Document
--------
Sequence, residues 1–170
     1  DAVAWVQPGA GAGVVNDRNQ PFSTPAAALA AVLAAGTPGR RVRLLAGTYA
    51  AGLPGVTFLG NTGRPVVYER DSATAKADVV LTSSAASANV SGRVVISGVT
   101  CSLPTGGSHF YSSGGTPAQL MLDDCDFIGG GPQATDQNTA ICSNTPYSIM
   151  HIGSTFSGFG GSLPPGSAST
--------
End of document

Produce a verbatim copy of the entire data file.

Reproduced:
Sequence, residues 1–170
     1  DAVAWVQPGA GAGVVNDRNQ PFSTPAAALA AVLAAGTPGR RVRLLAGTYA
    51  AGLPGVTFLG NTGRPVVYER DSATAKADVV LTSSAASANV SGRVVISGVT
   101  CSLPTGGSHF YSSGGTPAQL MLDDCDFIGG GPQATDQNTA ICSNTPYSIM
   151  HIGSTFSGFG GSLPPGSAST